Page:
On April 26, Fidelity announced its intention to add a Bitcoin investment option to its 401(k) retirement plans. Employees of businesses that pursue the option will be able to allocate as much as 20% of their contributions to Bitcoin, all from the company’s main investment dashboard. According to reporting by the Washington Post, Fidelity said that at least one employer has already signed up for the option which will launch later this year.

“Fidelity’s leadership, especially CEO Abby Johnson, has been at the forefront of institutional Bitcoin and crypto integration for years and is no stranger to the space, with Fidelity’s private equity and venture capital arm being a major source of capital for crypto miners, crypto SPACs, crypto hedge funds and more,” says Eric Lamison-White, Director at STS Capital Group LLC, a cross-border advisory and investment firm. “It is completely in character for Fidelity to steadily and cautiously extend access to their working class customers as the regulatory climate becomes more productive.”

Critics suggest that the volatility of Bitcoin poses an unnecessary risk to a retirement portfolio. It’s a reasonable argument. At the time of this writing, the cryptocurrency’s price has fallen by more than 6% just today. Meanwhile, at $37,978 it’s a far cry from Bitcoin’s high of $68,000, representing more than a 40% drop since November 10th of last year. 

However, advocates of cryptocurrency’s long-term utility disagree.

“Cryptocurrency is a reliable, long-term store of value because it cannot be corrupted by central authorities,” says Lisa Carmen Wang, founder of The Bad Bitch Empire, a platform for female investors in web3. “We’ve already seen hyperinflation, bank failures, and other egregious disasters happen in the last few years, so trust in governments is at an all-time low. Crypto is inevitably volatile now because it is an early stage high-risk/high-reward investment, but for those who believe in the values of a decentralized economy, crypto is an attractive long-term investment that people should consider having in their portfolio.”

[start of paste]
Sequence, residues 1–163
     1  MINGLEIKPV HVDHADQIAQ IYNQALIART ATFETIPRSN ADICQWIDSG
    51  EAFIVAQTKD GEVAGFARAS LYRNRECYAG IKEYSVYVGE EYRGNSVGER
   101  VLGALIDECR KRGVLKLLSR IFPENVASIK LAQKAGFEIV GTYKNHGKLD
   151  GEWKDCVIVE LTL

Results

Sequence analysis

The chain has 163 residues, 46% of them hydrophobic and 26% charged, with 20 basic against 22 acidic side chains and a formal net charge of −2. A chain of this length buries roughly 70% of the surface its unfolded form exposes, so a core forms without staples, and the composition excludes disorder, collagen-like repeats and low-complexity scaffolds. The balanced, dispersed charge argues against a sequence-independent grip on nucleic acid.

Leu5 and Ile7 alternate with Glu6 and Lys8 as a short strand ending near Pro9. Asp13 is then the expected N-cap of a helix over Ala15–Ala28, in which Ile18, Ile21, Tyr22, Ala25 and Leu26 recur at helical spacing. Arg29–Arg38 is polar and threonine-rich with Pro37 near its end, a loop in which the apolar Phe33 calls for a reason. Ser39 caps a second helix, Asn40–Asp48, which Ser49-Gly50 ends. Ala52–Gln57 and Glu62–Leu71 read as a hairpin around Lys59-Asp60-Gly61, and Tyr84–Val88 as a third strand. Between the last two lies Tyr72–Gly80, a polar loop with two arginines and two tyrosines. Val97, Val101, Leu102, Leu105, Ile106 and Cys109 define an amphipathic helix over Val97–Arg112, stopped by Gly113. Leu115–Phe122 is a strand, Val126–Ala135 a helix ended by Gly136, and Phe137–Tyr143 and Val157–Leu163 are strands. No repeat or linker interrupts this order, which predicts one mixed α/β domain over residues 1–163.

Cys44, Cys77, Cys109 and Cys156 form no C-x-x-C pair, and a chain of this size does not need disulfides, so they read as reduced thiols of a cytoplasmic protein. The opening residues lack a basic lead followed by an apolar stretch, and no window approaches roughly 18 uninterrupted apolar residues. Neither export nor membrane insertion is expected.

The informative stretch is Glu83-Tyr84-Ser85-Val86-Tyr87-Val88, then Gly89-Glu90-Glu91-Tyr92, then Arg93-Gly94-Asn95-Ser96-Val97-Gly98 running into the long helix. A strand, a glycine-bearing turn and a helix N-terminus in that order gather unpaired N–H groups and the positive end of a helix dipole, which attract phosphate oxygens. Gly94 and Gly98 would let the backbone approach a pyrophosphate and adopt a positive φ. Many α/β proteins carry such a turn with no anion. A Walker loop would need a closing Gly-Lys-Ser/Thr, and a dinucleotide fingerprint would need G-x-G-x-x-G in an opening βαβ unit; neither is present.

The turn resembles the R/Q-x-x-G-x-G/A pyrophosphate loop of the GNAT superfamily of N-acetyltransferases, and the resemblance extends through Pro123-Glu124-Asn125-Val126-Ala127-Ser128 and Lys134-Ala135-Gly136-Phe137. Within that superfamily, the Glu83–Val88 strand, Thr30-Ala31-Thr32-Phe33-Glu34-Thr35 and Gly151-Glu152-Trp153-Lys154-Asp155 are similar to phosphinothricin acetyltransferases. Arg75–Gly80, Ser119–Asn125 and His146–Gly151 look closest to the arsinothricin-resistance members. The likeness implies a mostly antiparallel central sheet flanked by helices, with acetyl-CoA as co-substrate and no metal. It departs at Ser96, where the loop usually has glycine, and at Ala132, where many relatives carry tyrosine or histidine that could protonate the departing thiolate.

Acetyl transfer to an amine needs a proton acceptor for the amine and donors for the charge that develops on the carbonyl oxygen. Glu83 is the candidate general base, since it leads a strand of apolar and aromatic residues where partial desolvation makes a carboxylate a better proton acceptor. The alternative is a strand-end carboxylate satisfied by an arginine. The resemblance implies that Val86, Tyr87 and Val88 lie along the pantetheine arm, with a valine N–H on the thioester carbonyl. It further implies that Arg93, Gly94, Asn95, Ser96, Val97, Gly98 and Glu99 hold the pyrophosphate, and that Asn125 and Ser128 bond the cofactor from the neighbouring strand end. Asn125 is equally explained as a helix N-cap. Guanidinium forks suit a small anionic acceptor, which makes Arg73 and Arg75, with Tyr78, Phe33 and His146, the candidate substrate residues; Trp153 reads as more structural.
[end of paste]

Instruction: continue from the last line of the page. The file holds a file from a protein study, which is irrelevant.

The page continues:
Regardless of your appetite for risk, the notion that savers will be able to easily manage contributions to Bitcoin in a respected retirement plan is meaningful.

As of last year, 63% of US adults that did not hold crypto were curious about it. Many people in the crypto-curious category don’t invest because they simply don’t know how. There’s a technological barrier to entry that can feel daunting. 

When you have major retirement plan managers like Fidelity making it easy to add Bitcoin to a portfolio through a dashboard users are already familiar with, we may see this group start investing in the asset class, moving digital currencies further along toward mainstream adoption.

How a Thief Stole More Than $1M in NFTs on Instagram Comments Off on How a Thief Stole More Than $1M in NFTs on Instagram 237

A common use case for the blockchain is reducing fraud. Shouldn’t that mean it’s impervious to hackers? Not necessarily. Here’s how a hacker was able to amass more than $1 million in stolen Bored Ape Yacht Club NFTs.

For any of us that have received a nefarious link in our emails or on social media that encourages us to input private information, we’re already familiar with the logistics of phishing. A hacker sends us a link, usually under the guise of a brand or person we recognize, and asks for personal details like usernames, passwords, or bank details that aid them in assuming our identity or assets. 

It’s precisely what happened in the case of the Bored Ape Yacht Club hack which was announced on Twitter Monday morning. 

A hacker was able to take charge of the official Bored Ape Yacht Club Instagram profile, and sent a communication to followers claiming to be offering an “airdrop,” which is a term used to describe a free token giveaway. (Note: it’s not clear at this time how the hacker was able to login to the official Instagram, in the first place.)

Users were asked to link their wallet to benefit from the airdrop, which made their mobile wallet susceptible to the hacker and resulted in the transfer of multiple NFTs, presumably including four Bored Apes and a number of other NFTs minted by the Bored Apes creators, Yuga Labs.

The hack illuminates a glaring problem in the NFT market. Namely, MetaMask, the popular wallet application, only supports NFT display on mobile which is less user-friendly than the platform’s browser extension leading to mistaken transaction approvals.

What’s the solution for NFT holders? “MetaMask with Ledger,” according to Adryenn Ashley. “NFT holders need a wallet that gives them the ease of MetaMask with the security of hardware.”

The hack is a reminder that even though the blockchain has the potential to overcome fraud, users still need to be mindful of third party applications that manage their data.